Te Wine monpoly / "It is almost as if they don’t want Norwegians to drink." Nom not "almost" – its main purpose is to reduce the consumption of alcoholic beverages. And according to a poll done by Aftenposten in 2013, maintaining the monopoly is supported by 70% of the population (!) A bit of a paradox when you see the buzz in the taxfree shops with cheaper alcohol available when you arrive from abroad to a Norwegian airport.
Most of us simply cannot see a single Norwegian politician able to fill the role of an elected President.
Don't even get me started on commenting this, as I am very pro EU. Being outside of EU is a big mistake in my opinion, but EØS/EEA is considered an acceptable compromise. (Norwegians love compromises.)
This is a Norwegian parallel to the Spanish bullfighting arenas. The arguments to continue are virtually the same: Cultural / tradition.
A recent article in The Economist quoted Norway as having one of the highest rates of drug induced deaths in Europe, coming third after Estonia and Sweden. Therefore there seems to be a point against drugs.
I discovered you website today and must congratulate you for it.
French as well, my presence in Norway now amounts to 34 continuous years plus some odd ones before that.
A few comments:
– State monopoly on alcohol.
To understand a country, one need to look into its history. Before the set-up of the alcohol monopoly, Norway was ridden by tuberculosis and alcoholism. There were more “watering holes” in Norway than in Brittany at the same period. The monopoly was therefore an act of public health. And it worked.
Based on the disastrous effects of alcoholism on families, many women joined movements to limit or abolish the use of alcohol. Some of this remains and may explain the 70% appreciation of the monopoly.
A short story about alcohol in Norway: in the seventies a big fishing vessel from Brittany came to Norway to support exploration activities offshore. Upon arrival, the Norwegian custom officer did his inspection, was shown the locked-up cupboard with pastis, cognac and so on. Satisfied, he went to the mess-room with the Captain to sign the papers. While sitting on the benches along the table, the Captain asked the custom officer if he could be offered a drink. The proposition was accepted, so the Captain stood-up, opened the bench and fetched a bottle of red wine. The custom officer became nearly apoplectic, shouting that this was alcohol and should have been declared. No, no answered the Captain, this is wine, not alcohol, and is the daily beverage of the whole crew. Indeed, all the benches were filled-up with bottles of red wine. After a lot of discussions, the Captain threatening to sail back, the custom officer allowed a daily quota of red wine for the crew, against some duty fees paid by the charterer.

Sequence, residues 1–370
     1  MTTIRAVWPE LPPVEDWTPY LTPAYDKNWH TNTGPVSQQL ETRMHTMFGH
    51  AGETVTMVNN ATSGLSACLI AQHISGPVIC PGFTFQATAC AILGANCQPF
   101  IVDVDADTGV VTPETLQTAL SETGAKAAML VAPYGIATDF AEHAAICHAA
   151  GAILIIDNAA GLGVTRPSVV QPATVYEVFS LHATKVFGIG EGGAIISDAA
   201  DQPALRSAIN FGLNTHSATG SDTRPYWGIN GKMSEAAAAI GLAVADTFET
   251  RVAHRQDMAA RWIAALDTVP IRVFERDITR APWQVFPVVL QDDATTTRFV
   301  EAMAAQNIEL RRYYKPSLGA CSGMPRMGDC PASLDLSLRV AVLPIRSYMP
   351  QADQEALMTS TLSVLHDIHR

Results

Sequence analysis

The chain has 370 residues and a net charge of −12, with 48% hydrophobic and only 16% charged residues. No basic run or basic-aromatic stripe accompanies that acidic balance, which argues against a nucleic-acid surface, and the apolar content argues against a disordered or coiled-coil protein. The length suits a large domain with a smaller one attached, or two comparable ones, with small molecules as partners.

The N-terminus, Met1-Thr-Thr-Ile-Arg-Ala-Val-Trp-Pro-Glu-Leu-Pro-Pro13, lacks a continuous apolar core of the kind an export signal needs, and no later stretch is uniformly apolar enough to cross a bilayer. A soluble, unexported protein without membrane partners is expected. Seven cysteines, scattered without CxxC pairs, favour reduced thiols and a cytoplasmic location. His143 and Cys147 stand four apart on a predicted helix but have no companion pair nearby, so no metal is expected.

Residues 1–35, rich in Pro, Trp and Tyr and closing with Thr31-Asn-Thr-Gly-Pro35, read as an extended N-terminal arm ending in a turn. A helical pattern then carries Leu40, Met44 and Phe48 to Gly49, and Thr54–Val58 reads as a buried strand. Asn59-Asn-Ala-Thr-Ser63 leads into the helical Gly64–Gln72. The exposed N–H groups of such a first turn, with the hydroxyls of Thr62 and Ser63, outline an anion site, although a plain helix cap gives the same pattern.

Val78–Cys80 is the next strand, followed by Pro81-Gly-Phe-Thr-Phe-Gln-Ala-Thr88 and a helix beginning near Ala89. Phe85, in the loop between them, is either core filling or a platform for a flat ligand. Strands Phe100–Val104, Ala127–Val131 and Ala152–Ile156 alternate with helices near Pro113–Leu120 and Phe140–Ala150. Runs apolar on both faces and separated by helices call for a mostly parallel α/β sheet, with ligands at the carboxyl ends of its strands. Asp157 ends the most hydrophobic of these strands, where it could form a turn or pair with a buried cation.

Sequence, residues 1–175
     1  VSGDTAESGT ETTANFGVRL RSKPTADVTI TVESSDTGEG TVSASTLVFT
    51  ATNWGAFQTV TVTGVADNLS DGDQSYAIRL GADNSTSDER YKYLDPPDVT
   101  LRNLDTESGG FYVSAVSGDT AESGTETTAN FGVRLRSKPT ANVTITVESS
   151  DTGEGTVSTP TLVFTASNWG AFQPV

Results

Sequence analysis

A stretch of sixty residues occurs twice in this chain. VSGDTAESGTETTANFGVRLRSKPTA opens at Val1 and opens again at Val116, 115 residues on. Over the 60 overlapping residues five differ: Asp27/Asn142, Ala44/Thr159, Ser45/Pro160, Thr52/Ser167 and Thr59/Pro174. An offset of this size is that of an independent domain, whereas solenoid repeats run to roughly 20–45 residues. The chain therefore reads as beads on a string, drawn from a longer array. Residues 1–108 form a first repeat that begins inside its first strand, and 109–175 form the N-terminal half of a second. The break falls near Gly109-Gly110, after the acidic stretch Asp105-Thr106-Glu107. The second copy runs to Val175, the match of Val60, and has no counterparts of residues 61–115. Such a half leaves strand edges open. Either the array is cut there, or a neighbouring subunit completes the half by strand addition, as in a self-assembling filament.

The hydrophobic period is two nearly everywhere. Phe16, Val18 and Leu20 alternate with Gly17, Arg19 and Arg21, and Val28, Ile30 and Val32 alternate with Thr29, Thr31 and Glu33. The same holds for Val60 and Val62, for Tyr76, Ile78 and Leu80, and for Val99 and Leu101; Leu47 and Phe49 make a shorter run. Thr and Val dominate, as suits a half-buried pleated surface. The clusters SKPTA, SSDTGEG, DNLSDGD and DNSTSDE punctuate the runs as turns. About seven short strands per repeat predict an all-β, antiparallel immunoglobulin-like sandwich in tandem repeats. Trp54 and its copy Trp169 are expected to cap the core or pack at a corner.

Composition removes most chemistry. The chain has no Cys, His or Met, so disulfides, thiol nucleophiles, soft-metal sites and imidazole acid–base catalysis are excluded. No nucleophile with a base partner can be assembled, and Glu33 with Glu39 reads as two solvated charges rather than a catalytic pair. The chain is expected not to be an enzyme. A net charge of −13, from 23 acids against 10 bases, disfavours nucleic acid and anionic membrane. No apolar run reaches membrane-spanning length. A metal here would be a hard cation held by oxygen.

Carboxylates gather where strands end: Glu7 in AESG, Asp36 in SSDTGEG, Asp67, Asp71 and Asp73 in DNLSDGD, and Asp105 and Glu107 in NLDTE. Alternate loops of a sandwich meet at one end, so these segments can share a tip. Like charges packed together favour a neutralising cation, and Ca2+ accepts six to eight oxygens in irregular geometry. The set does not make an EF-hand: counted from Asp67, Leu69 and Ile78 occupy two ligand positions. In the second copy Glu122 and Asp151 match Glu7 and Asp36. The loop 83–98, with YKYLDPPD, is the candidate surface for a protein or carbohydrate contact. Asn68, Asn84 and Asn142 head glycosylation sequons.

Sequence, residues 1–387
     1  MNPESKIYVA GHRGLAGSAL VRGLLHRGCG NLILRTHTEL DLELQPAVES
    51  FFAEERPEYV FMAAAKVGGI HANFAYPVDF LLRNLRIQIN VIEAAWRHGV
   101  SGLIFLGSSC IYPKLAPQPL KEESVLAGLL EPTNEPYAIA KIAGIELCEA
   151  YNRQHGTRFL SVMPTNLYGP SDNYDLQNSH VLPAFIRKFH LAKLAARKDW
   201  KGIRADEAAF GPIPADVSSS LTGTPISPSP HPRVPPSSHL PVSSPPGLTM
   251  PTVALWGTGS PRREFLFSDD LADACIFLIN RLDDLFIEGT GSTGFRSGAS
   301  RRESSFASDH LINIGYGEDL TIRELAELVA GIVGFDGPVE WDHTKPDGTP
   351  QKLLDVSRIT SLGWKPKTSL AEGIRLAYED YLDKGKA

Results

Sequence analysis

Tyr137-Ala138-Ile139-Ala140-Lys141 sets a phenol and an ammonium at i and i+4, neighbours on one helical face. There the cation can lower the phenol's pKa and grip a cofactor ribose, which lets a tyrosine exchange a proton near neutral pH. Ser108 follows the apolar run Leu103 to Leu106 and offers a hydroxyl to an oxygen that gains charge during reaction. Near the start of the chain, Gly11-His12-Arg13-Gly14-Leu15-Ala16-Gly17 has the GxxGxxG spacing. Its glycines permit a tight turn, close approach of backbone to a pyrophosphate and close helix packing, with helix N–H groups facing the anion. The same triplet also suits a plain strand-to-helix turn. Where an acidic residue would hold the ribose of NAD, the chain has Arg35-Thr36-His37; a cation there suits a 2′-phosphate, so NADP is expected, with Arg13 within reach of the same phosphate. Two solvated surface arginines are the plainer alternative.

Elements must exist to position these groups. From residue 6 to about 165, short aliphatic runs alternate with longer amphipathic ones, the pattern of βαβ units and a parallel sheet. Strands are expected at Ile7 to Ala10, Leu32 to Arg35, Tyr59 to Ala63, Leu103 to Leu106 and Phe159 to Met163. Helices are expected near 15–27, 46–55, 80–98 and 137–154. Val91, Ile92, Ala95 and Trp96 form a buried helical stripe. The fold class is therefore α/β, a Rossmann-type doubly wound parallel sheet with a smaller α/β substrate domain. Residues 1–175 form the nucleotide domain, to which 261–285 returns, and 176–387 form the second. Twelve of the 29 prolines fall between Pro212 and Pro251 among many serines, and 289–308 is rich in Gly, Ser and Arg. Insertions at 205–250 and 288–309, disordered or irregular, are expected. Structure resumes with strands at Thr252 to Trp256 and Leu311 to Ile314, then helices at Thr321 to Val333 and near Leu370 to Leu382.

Two conclusions from this story:
– A Frenchman must understand that alcoholic beverages means everything with alcohol in it. We usually have a hard time admitting that wine is an alcoholic drink.
– Norwegian, even civil servants, are not as square minded as we like to believe.
Remember also that if Norway has an alcohol state monopoly, so does France about tobacco.
– Car import duties
You have left another Norwegian peculiarity which infuriate foreigners (not only Frenchmen), The import taxes imposed on motor vehicles (cars, trucks, busses,…) which amount to about 110 % of the original price.
Again, history. Norway came out of the WW2 quite shaken, and had to be rebuilt or built-up as Norway was not an industrial society (fishing, lumbering and shipping were the main activities, and in particular no indigenous car industry of note).
Up to 1962, one had to apply formally to be allowed to purchase a car. Only people with a professional need, like doctors, were granted permission. Customs duties were therefore put quite high as it had no mass consequence and was providing much needed funds.
And like the alcohol monopoly, once established, no political party or government saw any point of losing good revenues.
– EU membership
You do not mentioned Senterpartiet (party du centre and originally very much a party of farmers, together with the Christian party) which was instrumental to the no to EU, with a lot of lies as we heard during the Brexit campaign.
For us, EU citizens, the EØS/EES agreement mentioned above gives us free access to Norway as equal to Norwegians. Our only (correct) restriction is not to vote for parlement (Storting) elections. But we do vote for local elections.
– Whale hunting
I remember some T-shirts in the eighties sporting the words: “Intelligent minds need intelligent food”.
All for now.
I’ve written my Senator that the US should cut ties with Norway unless and until they end Whale fishing. You guys can defend yourselves against the Russians or get Grande to help out. Good luck. I couldn’t care less Whalw fishing is your tradition. We have a tradition of slavery and we ended that, sort of. Only assholes hunt Whales.
PS, grande = France. Stupid Apple spellchecker. Apple sucks.